During the biggest advertising spotlight of the year, there was an ad that left many people scratching their heads and opening their phone cameras. That ad was Coinbase’s QR code ad, in which a colorful QR code with no context bounced across the television screens of millions. Once scanned, the code directed people to Coinbase’s website to learn more about how to sell and buy bitcoin and cryptocurrency through the company.
QR codes have become a normal part of how we interact with products and services due to the pandemic. Their increased usage has created an opportunity for fraudsters to use them as another way to access your private information or install malware on your device. So, although some advertisers may be applauding Coinbase for its ad’s simplicity and results (Coinbase’s site crashed from so many people scanning the code), the ad also demonstrated how oftentimes with QR codes, people tend to scan before they think. Before you scan a QR code from any source, here are some important considerations to keep in mind.
Use a trusted application. Most smartphones have QR code readers installed as part of their camera’s functionality. If your phone doesn’t have this feature yet, be sure to do your research and install a QR code reader that has built-in security features, like checking links against known malicious sites or having a pop-up of the URL destination appear before taking you to a site. Read the user reviews to make a solid decision before installing the first tool that shows up in the app store.
Know the source. Never scan a QR code where you can’t confirm the code’s source. This concern was perfectly highlighted by Coinbase’s ad, as people scanned it, assuming it was safe, without knowing the source beforehand. It’s best practice to only scan codes from trusted sources, whether it’s on a poster in the street, a food menu, or an email. So the next time you see a random QR code bouncing on your TV screen, it’s best to let the brand show itself before scanning.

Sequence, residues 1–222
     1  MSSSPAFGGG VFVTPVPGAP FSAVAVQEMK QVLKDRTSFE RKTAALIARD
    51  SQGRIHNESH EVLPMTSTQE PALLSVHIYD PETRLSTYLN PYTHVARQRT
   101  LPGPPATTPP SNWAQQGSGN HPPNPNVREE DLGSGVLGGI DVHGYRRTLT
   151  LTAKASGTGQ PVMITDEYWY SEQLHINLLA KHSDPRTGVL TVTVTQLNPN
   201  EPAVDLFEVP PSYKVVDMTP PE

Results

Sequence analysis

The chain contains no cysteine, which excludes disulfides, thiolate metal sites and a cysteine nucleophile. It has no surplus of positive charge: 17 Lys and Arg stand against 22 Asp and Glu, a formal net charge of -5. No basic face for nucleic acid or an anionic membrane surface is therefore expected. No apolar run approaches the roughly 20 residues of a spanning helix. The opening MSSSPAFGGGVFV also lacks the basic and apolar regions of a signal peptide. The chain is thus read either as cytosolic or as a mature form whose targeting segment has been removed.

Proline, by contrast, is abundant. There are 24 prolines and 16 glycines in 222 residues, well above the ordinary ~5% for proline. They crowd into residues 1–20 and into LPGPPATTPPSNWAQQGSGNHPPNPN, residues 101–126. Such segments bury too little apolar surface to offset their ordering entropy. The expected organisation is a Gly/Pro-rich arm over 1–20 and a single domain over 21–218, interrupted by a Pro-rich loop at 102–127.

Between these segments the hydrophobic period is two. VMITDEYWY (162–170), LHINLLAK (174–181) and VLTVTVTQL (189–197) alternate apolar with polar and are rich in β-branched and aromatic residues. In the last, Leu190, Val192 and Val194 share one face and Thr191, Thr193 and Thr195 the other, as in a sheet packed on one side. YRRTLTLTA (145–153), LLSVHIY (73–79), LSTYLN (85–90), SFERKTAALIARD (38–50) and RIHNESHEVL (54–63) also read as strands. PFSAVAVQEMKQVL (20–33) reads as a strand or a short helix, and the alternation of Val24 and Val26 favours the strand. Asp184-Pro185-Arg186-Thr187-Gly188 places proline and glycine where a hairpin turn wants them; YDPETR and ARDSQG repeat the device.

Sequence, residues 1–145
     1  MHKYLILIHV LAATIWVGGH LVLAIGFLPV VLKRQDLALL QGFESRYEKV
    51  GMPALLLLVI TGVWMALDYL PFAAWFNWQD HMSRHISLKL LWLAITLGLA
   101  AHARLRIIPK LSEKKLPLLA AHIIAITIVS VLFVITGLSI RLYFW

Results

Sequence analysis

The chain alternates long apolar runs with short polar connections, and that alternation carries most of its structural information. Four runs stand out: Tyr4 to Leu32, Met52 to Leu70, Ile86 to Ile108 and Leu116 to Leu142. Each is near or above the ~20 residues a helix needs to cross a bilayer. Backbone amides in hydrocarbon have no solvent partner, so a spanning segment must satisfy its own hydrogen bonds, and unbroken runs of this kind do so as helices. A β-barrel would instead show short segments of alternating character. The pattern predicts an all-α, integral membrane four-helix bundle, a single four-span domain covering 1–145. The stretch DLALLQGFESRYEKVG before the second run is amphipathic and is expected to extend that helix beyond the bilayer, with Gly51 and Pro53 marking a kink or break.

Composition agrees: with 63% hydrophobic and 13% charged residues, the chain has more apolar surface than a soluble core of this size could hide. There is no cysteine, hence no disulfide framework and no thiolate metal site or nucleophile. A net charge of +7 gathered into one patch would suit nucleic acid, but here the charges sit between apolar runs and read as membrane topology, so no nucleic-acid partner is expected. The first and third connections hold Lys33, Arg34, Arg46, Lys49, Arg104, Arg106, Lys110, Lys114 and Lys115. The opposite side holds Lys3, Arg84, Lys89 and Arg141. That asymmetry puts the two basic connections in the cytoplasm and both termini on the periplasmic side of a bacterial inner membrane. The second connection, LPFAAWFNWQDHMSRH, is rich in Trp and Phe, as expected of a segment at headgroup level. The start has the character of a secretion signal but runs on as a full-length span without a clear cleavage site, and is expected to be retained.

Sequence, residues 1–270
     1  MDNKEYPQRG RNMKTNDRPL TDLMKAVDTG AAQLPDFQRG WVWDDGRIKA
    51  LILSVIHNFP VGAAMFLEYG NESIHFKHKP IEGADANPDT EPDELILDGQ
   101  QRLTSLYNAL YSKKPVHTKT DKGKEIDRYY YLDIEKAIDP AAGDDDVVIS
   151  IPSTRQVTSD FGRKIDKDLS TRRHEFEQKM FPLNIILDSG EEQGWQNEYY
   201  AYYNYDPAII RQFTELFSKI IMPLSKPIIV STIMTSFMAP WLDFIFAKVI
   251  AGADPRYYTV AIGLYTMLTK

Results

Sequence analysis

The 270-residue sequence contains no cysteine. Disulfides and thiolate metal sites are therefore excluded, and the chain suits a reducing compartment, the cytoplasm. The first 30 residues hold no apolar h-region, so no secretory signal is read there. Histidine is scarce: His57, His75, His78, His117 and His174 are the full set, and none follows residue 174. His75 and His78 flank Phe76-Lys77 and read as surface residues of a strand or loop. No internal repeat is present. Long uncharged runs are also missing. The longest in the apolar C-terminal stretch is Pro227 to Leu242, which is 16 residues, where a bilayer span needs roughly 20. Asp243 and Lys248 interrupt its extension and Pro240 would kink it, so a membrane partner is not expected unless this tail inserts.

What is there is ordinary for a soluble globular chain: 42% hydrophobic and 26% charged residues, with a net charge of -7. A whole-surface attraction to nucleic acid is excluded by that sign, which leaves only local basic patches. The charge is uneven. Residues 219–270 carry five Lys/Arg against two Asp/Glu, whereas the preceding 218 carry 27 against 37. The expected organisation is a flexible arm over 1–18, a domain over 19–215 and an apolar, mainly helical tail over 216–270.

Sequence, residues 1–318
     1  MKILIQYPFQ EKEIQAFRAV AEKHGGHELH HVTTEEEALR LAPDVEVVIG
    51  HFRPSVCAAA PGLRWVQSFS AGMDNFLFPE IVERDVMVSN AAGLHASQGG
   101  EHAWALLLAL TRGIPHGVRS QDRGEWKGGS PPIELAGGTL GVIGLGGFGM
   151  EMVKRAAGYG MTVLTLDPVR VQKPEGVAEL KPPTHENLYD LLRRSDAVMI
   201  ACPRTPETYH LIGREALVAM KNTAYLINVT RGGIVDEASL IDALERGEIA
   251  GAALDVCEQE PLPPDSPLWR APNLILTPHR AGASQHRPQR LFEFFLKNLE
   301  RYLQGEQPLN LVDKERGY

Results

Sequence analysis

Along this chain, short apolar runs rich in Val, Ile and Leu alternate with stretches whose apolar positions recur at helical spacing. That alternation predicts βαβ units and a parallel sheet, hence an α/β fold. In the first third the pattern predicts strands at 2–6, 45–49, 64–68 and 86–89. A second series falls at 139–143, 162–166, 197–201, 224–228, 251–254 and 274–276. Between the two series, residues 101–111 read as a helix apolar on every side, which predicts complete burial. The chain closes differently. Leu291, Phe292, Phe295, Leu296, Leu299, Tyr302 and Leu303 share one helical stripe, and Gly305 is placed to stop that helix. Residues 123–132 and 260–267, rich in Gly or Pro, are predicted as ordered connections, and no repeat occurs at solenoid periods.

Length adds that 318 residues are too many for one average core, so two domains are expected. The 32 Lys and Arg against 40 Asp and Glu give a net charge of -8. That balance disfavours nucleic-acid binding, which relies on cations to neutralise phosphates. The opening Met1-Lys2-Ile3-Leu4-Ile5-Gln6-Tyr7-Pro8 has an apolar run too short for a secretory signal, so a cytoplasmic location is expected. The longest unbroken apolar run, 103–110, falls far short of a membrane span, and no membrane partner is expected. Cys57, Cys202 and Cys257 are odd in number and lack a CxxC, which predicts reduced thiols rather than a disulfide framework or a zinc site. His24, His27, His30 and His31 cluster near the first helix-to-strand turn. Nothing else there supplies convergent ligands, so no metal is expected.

Keep a lookout for phishing. As noted above, fraudsters are now using QR codes to perform phishing attacks. A fraudster may replace a safe QR code from a poster or restaurant table with a tampered one that takes users to a fake version of the trusted site, prompting users to reveal their personal information which they collect and sell on the dark web. To avoid falling victim to a QR code phishing scheme, feel the QR code if it’s in-person to ensure it’s not a sticker or a cover-up. If you receive a QR code digitally, inspect the email to see if it’s from a trusted sender.
Update your software regularly. With cyberattacks on the rise now more than ever, it’s important to make sure your device is up to date. Many software patches include security features to help protect your private information and personal data, so keeping your phone on the most current software version is almost always a good idea. Also, consider downloading an antivirus program to your device for an extra layer of protection.
Coinbase’s ad may have been far from the flashiest on the biggest night of the year for advertisers, but it made a point of illustrating the impulsive and curious nature of humans. Scanning the ad in this case, was perfectly safe, but that doesn’t mean it will always be. Like with any link or tool that routes you to an URL, it’s crucial to take a minute to think before taking action.
BerganKDV helps clients establish best security practices for their workplace so that they have the resources and protocols in place to protect their organization from fraudsters. Want to learn more about our security solutions? Let’s have a conversation!